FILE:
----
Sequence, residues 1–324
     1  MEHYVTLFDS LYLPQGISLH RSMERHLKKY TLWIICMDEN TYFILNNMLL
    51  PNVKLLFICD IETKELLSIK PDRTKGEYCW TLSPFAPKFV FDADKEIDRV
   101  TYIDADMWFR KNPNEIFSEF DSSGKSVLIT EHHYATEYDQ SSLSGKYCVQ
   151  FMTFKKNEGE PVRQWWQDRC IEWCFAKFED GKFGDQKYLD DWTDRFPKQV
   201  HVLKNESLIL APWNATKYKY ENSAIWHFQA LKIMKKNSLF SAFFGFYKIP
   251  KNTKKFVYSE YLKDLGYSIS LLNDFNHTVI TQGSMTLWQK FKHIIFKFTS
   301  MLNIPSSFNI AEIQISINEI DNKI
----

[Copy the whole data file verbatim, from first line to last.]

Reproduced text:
Sequence, residues 1–324
     1  MEHYVTLFDS LYLPQGISLH RSMERHLKKY TLWIICMDEN TYFILNNMLL
    51  PNVKLLFICD IETKELLSIK PDRTKGEYCW TLSPFAPKFV FDADKEIDRV
   101  TYIDADMWFR KNPNEIFSEF DSSGKSVLIT EHHYATEYDQ SSLSGKYCVQ
   151  FMTFKKNEGE PVRQWWQDRC IEWCFAKFED GKFGDQKYLD DWTDRFPKQV
   201  HVLKNESLIL APWNATKYKY ENSAIWHFQA LKIMKKNSLF SAFFGFYKIP
   251  KNTKKFVYSE YLKDLGYSIS LLNDFNHTVI TQGSMTLWQK FKHIIFKFTS
   301  MLNIPSSFNI AEIQISINEI DNKI